Defendants argue that Dr. Newkirk's diagnosis is irrelevant and should be ignored because he did not examine or treat Plaintiff during the "relevant time period." Defendants, however, do not cite any authority for the proposition that courts must ignore a later diagnosis because it was not made contemporaneously with the date of the claimed disability. Indeed, such a rule would penalize anyone who is not properly diagnosed by the initial treating physician(s). Further, it is within a physician's normal exercise of his or her duties to make medical judgments about the onset or cause of a condition, disease, or set of symptoms based on a current examination and review of medical history. The Court also notes that the time gap at issue (between June 2002 and Dr. Newkirk's August 2003 examination of Plaintiff) is not a lengthy one of five or ten years but roughly 14 months.

Other authorities cited by the court include Crespo v. Unum Life Ins. Co. Of America, 294 F.Supp.2d 980, 986, 994-95 (N.D. Ill. 2003) (holding that insurer abused its discretion by refusing to consider medical reports prepared after disability date; the insurer "made no effort to place these reports in context to determine if they were consistent with earlier diagnoses by other doctors"); Thompson v. Standard Ins. Co., 167 F.Supp.2d 1186, 1194 (D. Or. 2001) (holding that "[t]he fact that a diagnosis is not made contemporaneously within the period that a claimant is insured does not undercut the viability of a later diagnosis based upon medically acceptable techniques. A diagnosis of plaintiff's condition may properly be made several years subsequent to the onset of the disability.") (internal quotation marks and citation omitted). Although the defendant cited Salomaa v. Honda Long Term Disability Plan, 542 F.Supp.2d 1068 (C.D. Cal. 2008), the court found that ruling "easily distinguishable." In Salomaa, the plaintiff submitted evidence of a cognitive impairment; however, none of the doctors who had treated him during the relevant time period made any mention of such an impairment. In this case, the symptoms that were later diagnosed as thoracic outlet syndrome were all reported during the relevant time frame.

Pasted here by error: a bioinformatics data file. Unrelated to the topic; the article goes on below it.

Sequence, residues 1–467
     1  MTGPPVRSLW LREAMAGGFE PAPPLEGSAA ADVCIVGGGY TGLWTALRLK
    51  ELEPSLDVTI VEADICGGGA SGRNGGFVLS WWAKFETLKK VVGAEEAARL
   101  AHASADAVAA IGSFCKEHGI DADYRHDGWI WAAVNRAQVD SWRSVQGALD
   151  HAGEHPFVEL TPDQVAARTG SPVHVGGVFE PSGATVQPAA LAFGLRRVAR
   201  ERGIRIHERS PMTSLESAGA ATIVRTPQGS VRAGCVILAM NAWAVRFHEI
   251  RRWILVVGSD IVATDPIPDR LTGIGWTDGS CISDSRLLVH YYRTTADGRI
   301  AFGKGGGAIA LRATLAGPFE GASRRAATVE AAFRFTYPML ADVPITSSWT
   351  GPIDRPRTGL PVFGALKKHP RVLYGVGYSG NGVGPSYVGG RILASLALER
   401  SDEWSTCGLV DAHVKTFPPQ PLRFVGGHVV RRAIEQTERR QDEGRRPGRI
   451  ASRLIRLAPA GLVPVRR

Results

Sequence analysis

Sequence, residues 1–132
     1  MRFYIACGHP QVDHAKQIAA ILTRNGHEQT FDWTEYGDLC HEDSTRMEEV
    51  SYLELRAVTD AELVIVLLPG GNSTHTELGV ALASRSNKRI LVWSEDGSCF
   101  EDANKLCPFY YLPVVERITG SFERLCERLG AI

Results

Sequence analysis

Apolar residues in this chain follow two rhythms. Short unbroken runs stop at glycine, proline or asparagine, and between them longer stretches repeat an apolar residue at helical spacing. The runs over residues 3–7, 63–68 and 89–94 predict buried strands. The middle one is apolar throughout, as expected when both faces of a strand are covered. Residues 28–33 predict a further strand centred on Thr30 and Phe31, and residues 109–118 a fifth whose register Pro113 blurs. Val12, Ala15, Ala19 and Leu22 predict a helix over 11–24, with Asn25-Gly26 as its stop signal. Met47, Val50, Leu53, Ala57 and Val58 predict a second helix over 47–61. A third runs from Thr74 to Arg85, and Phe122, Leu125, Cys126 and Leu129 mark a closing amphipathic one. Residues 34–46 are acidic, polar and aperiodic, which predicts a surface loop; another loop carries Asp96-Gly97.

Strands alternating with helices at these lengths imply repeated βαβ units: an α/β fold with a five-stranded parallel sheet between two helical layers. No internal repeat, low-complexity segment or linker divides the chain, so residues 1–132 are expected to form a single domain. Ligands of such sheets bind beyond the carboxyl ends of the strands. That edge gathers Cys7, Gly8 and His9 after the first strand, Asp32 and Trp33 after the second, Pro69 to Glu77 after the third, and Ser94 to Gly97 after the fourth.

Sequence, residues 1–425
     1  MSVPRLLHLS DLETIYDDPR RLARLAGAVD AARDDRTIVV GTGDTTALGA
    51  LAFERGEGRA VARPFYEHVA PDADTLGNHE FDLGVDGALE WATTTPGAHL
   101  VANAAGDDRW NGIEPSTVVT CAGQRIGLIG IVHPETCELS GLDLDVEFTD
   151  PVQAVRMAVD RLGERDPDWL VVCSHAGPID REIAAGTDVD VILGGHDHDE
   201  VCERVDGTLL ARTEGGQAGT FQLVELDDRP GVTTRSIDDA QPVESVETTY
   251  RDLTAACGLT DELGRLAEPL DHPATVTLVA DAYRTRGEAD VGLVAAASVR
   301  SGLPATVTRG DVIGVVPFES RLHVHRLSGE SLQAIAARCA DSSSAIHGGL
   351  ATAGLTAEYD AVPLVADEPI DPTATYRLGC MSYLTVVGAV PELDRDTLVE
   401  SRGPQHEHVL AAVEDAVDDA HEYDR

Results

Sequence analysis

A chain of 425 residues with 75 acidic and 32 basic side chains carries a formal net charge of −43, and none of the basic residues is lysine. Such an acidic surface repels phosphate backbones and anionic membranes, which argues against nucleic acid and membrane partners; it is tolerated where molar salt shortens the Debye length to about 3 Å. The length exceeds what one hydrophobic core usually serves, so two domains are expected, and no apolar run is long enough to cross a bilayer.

The court also found Fontana's school attendance was likewise not a basis to discontinue benefits since the record showed that the plaintiff's impairments were impeding her academic progress, that she had been granted accommodations, and that she had hired a note taker. The court found "there is no information in the record that suggests that her school work means she can work full time." *15.

Finding the benefit denial was an abuse of discretion, the court focused on the remedy. Although remand would have been an appropriate remedy, the court was guided by Pannebecker v. Liberty Life Assurance Co., 542 F.3d 1213 (9th Cir. 2008), which held that benefits needed to be reinstated pending re-determination of the claim.

Discussion: The court did a remarkable job of cataloguing cases involving the relation back of medical opinions. It is not an unusual tactic, particularly from CIGNA, to simply refuse to consider any medical reports generated subsequent to the relevant date of disability; and this case should put an end to that practice.

The issue relating to attending school not being incompatible with the claimed disability was also well-handled. Clearly, the record was well-documented and corroborated the effect of the disability on the claimant's ability to handle school work. Another excellent case on this issue is Cohen v. Secretary of Department of Health and Human Services, 964 F.2d 524 (6th Cir. 1992).